Theology of Breast Milk

05.19.2014 | Catholic, Research, Faculty
Related Links

A University of Dayton professor has received $40,000 from the Louisville Institute to write a book on Christianity and breast milk.

Assistant professor of religious studies Neomi DeAnda said her book, A Theology of Breast Milk: A Latina Perspective, will draw upon publications, art, personal narratives and popular devotions to examine the topic of breastfeeding in the Bible and throughout church history.

"It's a way to talk about something that is so 'everyday,' but we mystify it and try to cover it up," DeAnda said. "My hope is that it will lead to good discussions about women breastfeeding today and what it means practically and spiritually."

In January, Pope Francis made headlines during a baptismal ceremony in the Sistine Chapel when he encouraged mothers to feed their children if they were hungry "without thinking twice."

He was dubbed by many as an unlikely advocate for public breastfeeding, but his expression should not come as a surprise, DeAnda said.

She said devotions to Mary, the mother of Christ, as a nursing mother have existed since almost the inception of Christianity. In Latin, she is called Maria Lactans; in Spanish, María de la Leche.

In her research, DeAnda found most of the images of Maria Lactans throughout Europe were either destroyed or covered up during the Middle Ages.

"They became relegated following the Council of Trent in the 16th century, which looked at the whole of religious art and eliminated artistic motifs that were too worldly or influenced by the Renaissance period," said the Rev. Johann Roten, S.M., director of research at the University of Dayton's Marian Library, which holds the world's largest collection of materials on Mary, the mother of Jesus.

But Spain was not a part of this purge, and images of María de la Leche persisted, carrying over to the New World. DeAnda's book focuses primarily on this Latin American image of nursing Mary, and in particular the work of Sor María Anna Águeda de San Ignacio, an 18th century nun living in Mexico who wrote extensively about María de la Leche.

The book's five chapters will focus on:

  • Images of nursing in the Bible, particularly in Song of Songs
  • Images of María de la Leche and how they were used in medieval perspectives
  • Sor María Anna's writings about María de la Leche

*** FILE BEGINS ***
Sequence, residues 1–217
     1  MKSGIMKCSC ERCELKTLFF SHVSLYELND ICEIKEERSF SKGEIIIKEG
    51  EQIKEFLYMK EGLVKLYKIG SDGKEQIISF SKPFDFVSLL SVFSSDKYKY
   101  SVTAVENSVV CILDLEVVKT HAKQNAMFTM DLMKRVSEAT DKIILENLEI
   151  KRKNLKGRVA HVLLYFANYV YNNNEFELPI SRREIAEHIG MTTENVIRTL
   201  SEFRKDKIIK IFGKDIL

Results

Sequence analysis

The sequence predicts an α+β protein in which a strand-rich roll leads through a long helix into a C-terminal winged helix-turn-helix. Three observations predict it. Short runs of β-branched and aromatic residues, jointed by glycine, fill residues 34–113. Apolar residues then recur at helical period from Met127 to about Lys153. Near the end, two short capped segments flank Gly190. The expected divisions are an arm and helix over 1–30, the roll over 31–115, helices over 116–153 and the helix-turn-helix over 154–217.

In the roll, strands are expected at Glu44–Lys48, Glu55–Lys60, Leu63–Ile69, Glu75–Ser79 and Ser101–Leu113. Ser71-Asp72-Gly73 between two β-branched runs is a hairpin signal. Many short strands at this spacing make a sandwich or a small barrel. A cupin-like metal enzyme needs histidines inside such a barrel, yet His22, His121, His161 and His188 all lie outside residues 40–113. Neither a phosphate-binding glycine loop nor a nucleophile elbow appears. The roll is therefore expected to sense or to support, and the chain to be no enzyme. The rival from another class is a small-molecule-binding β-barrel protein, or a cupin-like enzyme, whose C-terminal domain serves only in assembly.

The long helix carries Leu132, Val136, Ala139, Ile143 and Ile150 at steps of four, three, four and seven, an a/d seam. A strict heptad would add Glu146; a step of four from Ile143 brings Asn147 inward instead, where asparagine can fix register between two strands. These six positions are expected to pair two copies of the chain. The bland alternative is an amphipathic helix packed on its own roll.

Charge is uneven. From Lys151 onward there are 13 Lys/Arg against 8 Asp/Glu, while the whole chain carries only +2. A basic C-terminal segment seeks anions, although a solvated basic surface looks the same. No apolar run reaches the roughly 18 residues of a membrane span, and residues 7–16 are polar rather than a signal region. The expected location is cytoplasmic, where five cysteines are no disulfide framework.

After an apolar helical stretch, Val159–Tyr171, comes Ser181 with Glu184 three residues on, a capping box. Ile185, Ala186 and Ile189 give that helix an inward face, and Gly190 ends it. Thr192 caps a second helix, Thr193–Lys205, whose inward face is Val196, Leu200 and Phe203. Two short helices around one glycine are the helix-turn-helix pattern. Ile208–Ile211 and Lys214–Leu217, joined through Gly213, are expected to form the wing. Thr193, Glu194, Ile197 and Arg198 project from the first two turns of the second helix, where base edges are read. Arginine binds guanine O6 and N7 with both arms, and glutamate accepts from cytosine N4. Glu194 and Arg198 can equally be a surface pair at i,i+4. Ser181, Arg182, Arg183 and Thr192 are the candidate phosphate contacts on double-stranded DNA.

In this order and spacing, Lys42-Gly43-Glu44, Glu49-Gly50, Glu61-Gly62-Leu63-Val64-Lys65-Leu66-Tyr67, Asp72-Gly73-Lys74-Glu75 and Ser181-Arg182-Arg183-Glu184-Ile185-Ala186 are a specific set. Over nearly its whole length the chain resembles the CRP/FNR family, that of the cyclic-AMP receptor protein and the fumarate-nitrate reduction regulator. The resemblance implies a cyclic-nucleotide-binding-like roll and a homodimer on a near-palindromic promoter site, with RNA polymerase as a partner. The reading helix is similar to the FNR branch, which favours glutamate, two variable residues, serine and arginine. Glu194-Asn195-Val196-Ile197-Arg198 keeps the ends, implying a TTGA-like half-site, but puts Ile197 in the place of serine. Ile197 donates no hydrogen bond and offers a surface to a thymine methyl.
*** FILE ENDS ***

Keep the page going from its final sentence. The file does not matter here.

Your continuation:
• Images of María de la Leche in Latin America
  • Interviews with Latinas in the U.S. and their perspectives on breastfeeding and how they view it theologically

"The book will be the first of its kind to develop a constructive theology of breast milk; to engage writings from Sor María Anna, a Mexican female author previously unknown in theological discourse in the U.S.; and to include narratives from contemporary women around conceptualizations of breast milk, breastfeeding and divinity," DeAnda said.

She plans to have the book published by 2016.

The Louisville Institute's First Book Grant for Minority Scholars enables junior, tenure-track religion scholars of color to complete a major study that contributes to the vitality of Christianity in North America. Grants of up to $40,000 support year-long research projects that will lead to the publication of a first (or second) book.

Louisville Institute is funded by the Religion Division of Lilly Endowment and based at Louisville Presbyterian Seminary (Louisville, Kentucky). The Institute's fundamental mission is to enrich the religious life of North American Christians and to encourage the revitalization of their institutions by bringing together those who lead religious institutions with those who study them so the work of each might inform and strengthen the other.

For more information on María de la Leche, visit the Marian Library at the related link.

For more information, contact Cameron Fullam, assistant director of media relations, at 937-229-3256 or fullam@udayton.edu.